Phaedo is a philosophical dialogue by the Ancient Greek philosopher Plato about Socrates' arguments for the soul's immortality. Shortly before his execution, Socrates makes four arguments for why the soul must be immortal: a cyclical theory that things are born of their opposites and that death and life are therefore dialectically interrelated, a recollection theory that humans possess innate knowledge at birth and therefore must have existed before and after corporeal life, and two other arguments that focus on the soul's immortality because of its participation in metaphysical forms.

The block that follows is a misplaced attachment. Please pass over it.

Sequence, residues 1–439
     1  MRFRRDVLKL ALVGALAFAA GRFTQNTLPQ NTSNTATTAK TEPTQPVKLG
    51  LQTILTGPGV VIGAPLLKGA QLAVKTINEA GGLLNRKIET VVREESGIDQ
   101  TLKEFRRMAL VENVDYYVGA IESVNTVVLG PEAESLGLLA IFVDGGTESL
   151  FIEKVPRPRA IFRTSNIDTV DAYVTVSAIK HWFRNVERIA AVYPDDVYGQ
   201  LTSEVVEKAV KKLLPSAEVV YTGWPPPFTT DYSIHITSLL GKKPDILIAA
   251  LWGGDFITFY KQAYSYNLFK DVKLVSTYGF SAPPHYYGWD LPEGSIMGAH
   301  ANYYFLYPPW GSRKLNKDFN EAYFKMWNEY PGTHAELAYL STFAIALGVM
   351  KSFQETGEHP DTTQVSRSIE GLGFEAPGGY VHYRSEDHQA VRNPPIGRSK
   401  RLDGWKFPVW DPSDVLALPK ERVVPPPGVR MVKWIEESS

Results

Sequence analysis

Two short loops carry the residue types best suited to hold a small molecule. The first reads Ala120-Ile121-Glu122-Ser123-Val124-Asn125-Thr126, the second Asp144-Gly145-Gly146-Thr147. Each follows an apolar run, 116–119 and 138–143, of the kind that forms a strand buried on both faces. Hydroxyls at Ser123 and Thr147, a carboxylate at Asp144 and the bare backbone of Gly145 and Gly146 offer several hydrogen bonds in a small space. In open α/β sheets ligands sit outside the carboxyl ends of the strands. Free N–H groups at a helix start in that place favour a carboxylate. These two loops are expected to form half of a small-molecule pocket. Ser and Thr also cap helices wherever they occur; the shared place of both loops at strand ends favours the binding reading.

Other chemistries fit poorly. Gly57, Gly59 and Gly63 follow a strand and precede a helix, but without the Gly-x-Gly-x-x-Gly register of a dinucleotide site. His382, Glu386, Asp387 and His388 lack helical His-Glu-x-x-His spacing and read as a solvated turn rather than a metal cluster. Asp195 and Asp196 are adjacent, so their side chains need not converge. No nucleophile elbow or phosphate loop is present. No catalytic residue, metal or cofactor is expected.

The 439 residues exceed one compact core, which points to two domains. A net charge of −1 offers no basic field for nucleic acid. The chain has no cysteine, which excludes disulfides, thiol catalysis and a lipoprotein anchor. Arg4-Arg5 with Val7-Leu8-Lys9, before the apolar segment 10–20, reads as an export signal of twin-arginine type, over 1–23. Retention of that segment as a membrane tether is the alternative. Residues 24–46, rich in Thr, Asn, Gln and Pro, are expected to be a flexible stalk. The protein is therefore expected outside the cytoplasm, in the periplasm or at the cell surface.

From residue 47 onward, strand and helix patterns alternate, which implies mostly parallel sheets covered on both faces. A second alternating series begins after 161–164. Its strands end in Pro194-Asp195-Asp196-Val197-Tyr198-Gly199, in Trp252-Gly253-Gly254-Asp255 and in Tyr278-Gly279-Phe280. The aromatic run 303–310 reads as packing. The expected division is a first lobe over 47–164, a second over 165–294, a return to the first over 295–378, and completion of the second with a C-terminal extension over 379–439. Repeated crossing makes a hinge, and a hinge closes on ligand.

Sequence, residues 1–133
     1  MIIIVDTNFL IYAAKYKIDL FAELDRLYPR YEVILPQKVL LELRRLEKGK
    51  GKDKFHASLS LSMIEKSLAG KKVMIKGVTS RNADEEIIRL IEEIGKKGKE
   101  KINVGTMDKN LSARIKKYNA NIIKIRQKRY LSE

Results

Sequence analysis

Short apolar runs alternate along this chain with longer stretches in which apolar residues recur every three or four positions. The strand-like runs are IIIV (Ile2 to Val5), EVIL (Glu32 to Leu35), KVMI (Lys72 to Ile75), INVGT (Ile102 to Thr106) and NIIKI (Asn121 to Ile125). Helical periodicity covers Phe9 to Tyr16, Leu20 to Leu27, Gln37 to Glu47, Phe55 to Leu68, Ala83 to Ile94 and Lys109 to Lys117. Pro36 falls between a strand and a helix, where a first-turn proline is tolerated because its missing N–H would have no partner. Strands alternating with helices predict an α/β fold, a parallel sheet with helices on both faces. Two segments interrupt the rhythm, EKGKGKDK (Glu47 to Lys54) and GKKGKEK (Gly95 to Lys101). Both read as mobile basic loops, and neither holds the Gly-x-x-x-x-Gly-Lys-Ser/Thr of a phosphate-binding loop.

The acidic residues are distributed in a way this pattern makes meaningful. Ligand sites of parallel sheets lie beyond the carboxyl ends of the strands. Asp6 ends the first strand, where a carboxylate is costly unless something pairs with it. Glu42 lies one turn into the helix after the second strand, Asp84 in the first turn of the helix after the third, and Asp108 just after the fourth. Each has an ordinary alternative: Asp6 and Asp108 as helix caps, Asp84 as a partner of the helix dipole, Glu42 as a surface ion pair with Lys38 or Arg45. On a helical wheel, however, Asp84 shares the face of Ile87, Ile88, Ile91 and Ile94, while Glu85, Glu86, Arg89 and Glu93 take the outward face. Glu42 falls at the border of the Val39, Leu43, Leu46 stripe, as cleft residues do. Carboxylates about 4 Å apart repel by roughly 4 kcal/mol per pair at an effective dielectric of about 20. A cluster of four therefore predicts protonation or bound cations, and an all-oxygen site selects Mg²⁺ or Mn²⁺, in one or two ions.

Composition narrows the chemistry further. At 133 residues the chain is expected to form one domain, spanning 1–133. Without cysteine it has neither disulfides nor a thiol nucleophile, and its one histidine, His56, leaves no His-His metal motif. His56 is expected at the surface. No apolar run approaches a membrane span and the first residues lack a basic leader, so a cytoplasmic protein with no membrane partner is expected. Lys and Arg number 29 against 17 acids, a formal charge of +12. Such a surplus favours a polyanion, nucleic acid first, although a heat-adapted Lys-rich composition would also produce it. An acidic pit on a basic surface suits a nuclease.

Euthyphro, Apology, Crito and Phaedo are four philosophical dialogues sorrounding the trial and death of Socrates, written by the Ancient Greek philosopher Plato. In the Euthyphro, Socrates is awaiting trial and attempts to find a universal definition for piety. The Apology is an account of Socrates' speech during his trial, defending himself against charges of blaspheme and corrupting Athenian youths. Crito is a dialogue about justice and social obligation in which Socrates accepts his death sentence. In Phaedo, Socrates attempts to prove the immortality of the soul.